**Author:** Vaibhav Tulsyan

**Tester:** Istvan Nagy

**Editorialist:** Misha Chorniy

# Difficulty:

Medium

# Pre-Requisites:

greatest common divisor (gcd)

# Problem Statement

You are given a string $S$ which consists digits as characters. Let's iterate over all partitions into $K$ parts, where $K$ in the range between $X+1$ and $Y+1$ and each part must has a length between $1$ and $M$. After that, let's transform each part in integer and calculate $gcd$ of received integers. Find the maximal value of $gcd$ over all such partitions.# Explanation

# Subtask 1

For the first subtask, we can iterate over all partitions using bitmasks. After each of the first $N-1$ digits we can put separator or don't put, hence it takes $2^{N-1})$ operations in the worst case. After that go through the partition in $O(N)$ and calculate $gcd$ manually. This approach takes time $O(2^N*(N+log(10^M))$, not $O(2^N*N*log(10^M))$. If you have array and you need to find $gcd$ of it's elements, next algorithm will work in $O(N + log (max A))$, not in $O(N log (maxA))$. You can prove it.

```
g = 0
for i = 1..N
g = gcd(g, A*)
```

# Subtask 2

For the second subtask we need something smarter than bitmasks. Let's put the first separator, we will get some number $g$, which values of $gcd$ is possible after fixing the first integer. If we process $gcd(g, x)$ we'll obtain some divisor of the number $g$.

How many first integers can be? At most $M$. How many distinct values of $gcd$ can be? At most $M * O(f(10^M))$. f(X) - is the maximal number of divisors of an integer less than $X$. $f(N)$ can be approximately estimated in $N^{1/3}$, for numbers less than $10^{18}$. Therefore, can be $O(M * 10^{10/3})$ distinct values of $gcd$, practically is much less. It gives us the next idea for solution:

Let $DP_{i, j}$ - set of the possible values of $gcd$ on prefix $S[1..i]$, if we put exactly $j$ separators and the last one placed exactly after position $i$.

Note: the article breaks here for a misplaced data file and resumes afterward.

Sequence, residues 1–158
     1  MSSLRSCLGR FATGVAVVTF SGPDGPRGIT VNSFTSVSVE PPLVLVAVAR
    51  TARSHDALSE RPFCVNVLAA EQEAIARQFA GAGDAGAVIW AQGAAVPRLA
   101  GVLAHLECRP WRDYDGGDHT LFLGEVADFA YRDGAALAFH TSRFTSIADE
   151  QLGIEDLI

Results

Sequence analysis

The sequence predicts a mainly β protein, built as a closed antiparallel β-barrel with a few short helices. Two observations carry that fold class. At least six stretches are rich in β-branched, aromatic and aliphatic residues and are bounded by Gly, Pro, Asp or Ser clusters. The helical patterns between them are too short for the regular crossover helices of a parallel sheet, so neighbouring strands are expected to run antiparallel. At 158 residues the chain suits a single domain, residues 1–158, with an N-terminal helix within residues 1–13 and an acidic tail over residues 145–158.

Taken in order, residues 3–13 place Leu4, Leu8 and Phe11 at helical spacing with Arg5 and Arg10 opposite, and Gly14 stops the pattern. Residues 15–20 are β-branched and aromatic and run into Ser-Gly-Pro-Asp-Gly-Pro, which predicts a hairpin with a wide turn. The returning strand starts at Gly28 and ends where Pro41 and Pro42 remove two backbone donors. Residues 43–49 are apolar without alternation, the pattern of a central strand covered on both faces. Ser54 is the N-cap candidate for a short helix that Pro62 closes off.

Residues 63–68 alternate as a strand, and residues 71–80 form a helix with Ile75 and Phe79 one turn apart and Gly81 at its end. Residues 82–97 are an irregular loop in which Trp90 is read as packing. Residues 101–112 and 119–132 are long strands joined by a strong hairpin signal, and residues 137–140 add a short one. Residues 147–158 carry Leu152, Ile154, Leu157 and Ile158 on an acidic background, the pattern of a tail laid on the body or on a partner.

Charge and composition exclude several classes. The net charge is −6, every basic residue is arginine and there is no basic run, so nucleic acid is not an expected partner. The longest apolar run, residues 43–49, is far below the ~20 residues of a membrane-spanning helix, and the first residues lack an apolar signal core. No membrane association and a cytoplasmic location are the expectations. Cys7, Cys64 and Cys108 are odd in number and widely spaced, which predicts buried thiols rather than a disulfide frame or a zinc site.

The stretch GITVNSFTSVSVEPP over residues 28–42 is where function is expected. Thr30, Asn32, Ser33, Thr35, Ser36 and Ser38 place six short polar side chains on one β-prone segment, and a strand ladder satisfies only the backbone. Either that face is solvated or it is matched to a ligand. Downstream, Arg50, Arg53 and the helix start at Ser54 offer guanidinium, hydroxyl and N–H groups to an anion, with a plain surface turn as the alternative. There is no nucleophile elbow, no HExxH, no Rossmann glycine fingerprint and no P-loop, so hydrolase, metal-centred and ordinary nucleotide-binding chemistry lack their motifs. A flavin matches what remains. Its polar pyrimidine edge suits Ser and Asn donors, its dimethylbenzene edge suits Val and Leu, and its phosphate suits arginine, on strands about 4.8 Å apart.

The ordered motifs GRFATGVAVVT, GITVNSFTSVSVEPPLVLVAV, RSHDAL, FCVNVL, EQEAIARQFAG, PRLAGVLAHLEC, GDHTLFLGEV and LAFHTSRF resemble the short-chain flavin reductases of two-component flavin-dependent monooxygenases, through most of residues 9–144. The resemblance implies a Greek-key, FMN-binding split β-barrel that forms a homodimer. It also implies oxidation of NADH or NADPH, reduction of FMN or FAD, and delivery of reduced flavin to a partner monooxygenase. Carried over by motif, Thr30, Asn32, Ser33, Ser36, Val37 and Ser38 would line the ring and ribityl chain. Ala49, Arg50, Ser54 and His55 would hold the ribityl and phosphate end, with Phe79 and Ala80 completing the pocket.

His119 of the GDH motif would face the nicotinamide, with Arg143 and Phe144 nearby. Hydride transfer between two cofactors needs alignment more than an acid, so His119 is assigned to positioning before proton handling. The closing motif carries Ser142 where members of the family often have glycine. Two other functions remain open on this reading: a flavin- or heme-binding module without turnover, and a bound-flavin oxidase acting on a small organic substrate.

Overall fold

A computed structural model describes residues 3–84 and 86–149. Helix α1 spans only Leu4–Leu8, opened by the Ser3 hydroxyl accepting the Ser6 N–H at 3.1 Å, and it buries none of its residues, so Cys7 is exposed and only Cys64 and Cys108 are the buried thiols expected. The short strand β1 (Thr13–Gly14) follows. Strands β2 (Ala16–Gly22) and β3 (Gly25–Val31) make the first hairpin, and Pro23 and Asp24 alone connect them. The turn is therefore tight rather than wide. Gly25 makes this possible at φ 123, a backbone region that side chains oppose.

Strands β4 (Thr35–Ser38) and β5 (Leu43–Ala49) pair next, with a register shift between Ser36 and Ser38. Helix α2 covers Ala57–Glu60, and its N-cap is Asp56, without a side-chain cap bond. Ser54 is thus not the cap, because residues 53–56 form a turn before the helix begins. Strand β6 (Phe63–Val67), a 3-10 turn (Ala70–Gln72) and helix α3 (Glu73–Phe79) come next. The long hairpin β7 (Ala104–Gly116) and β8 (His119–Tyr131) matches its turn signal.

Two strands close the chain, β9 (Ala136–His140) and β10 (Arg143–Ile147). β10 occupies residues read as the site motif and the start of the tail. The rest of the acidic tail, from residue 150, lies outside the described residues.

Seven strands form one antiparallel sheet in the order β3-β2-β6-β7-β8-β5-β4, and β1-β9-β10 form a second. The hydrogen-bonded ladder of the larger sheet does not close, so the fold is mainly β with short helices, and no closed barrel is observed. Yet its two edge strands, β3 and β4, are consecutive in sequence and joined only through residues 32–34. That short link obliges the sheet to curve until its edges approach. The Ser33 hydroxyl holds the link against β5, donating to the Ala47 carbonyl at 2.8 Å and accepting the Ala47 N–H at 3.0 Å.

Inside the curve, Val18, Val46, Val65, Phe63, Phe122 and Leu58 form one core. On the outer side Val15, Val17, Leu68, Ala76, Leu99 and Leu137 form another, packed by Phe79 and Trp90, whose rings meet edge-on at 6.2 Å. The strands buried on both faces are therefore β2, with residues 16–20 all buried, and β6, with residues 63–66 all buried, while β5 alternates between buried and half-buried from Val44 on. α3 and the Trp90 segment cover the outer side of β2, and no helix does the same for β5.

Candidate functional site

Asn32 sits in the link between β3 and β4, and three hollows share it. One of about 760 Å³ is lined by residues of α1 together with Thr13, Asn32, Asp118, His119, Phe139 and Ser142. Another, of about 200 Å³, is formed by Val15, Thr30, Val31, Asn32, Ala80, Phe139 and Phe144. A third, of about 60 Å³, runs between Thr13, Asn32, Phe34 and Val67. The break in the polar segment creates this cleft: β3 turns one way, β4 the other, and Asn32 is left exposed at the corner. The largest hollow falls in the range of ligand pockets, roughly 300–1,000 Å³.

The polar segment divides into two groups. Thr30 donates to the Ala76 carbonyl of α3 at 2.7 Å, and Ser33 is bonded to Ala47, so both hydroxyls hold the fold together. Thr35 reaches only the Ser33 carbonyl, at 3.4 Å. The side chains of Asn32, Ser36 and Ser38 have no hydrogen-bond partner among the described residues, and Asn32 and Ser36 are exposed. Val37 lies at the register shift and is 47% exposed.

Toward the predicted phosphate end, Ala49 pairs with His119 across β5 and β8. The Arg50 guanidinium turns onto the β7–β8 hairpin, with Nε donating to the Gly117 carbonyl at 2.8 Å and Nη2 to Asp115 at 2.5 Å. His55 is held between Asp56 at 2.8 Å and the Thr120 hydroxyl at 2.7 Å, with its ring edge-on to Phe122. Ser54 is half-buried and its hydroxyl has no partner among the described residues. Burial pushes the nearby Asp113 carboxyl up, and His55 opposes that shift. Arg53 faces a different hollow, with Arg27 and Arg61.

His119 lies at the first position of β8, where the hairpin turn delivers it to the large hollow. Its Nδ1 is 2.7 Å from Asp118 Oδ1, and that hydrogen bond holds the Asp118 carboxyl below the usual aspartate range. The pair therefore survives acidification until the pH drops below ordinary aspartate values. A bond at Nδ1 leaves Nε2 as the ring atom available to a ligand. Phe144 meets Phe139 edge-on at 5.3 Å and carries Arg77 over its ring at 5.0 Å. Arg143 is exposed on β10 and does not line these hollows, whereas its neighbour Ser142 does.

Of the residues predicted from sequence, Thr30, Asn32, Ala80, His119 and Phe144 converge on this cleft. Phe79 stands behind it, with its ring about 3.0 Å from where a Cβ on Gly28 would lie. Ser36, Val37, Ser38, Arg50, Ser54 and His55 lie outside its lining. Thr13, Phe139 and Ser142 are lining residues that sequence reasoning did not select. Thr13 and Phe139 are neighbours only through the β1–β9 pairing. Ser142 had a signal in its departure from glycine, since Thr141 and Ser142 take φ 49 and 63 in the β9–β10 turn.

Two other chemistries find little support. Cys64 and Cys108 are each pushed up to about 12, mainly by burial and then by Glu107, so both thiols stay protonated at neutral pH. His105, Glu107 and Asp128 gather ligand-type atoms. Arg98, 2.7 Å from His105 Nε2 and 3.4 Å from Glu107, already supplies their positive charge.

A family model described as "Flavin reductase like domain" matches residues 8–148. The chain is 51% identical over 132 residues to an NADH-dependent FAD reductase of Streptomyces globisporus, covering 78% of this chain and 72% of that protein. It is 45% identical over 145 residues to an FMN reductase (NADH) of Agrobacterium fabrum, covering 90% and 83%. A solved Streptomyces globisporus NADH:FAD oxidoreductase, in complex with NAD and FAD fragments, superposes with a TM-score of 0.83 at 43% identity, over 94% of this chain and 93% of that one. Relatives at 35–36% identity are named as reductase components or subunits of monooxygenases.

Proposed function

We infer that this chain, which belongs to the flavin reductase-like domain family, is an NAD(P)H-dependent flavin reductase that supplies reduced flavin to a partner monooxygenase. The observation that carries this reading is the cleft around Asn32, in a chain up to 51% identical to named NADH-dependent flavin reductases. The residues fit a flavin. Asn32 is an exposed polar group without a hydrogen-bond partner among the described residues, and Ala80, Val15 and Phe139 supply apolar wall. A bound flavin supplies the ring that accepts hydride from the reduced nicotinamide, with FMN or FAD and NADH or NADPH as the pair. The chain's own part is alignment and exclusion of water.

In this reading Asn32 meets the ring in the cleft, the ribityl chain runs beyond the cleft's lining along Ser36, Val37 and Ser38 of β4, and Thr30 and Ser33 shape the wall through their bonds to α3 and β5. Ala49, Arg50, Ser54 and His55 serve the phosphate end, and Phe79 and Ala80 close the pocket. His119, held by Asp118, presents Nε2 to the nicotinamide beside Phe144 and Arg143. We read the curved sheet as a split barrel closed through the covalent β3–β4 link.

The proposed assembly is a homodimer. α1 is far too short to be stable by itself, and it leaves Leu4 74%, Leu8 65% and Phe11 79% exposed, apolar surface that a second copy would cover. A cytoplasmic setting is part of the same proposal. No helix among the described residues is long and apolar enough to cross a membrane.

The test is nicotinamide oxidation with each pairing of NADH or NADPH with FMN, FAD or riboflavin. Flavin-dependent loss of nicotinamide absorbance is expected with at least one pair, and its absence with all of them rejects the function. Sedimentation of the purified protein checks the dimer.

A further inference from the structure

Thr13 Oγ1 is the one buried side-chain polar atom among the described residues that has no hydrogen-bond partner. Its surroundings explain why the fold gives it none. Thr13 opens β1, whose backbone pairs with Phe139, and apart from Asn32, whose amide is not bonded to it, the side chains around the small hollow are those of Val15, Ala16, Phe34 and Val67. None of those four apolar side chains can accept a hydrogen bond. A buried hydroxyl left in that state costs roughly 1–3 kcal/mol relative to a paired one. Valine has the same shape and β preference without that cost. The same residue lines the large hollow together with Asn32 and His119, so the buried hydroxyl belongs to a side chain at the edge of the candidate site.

What is the start values for this $DP$?$DP_{i, 1}$ = {integerValue($S[1..i]$)}, when $1 <= i <= min(N, M)$

How to recalculate $DP$, which transitions exist?When we know set of the values of $gcd$ for state $DP_{i,j}$, we can iterate over next separator after position $i$:

$DP_{i,j}$ -> $DP_{ni,j+1}$, where $i < ni <= min(N, i + M)$, and new value of the $gcd$ will be $gcd(g, integerValue(S[i+1..ni]))$

What will be the answer? It will be the maximal value of $gcd$ over all values $DP_{N,i}$, where $X + 1 <= i <= Y + 1$, because we split array in exactly $i$ parts. Let's write pseudocode of such solution:

```
for i = 1..min(N,M)
DP*[1].insert(integerValue(S[1..i])) //initialize DP
for i = 1..N
for sep = 1..Y
for ni = i+1..min(N,i+M):
tempValue = integerValue(S[i+1..ni]))
//It's better to precalculate all values S[i..j]
for g inside DP*[sep]
DP[ni][sep + 1].insert(gcd(tempValue, g))
ans = 1
for sep = X+1..Y+1
for g in DP*[sep]
ans = max(ans, g)
```

How to estimate time of work? Each prefix in the string may have $O(M * 10^{10/3})$ values of $gcd$ in the worst case. From each value can be $O(M)$ transitions. Hence total complexity can be estimated in $O(N * M^2 * 10^{10/3})$, but practically is much less.

# Solution:

Setter's solution can be found here

Tester's solution can be found here

**Please feel free to post comments if anything is not clear to you.**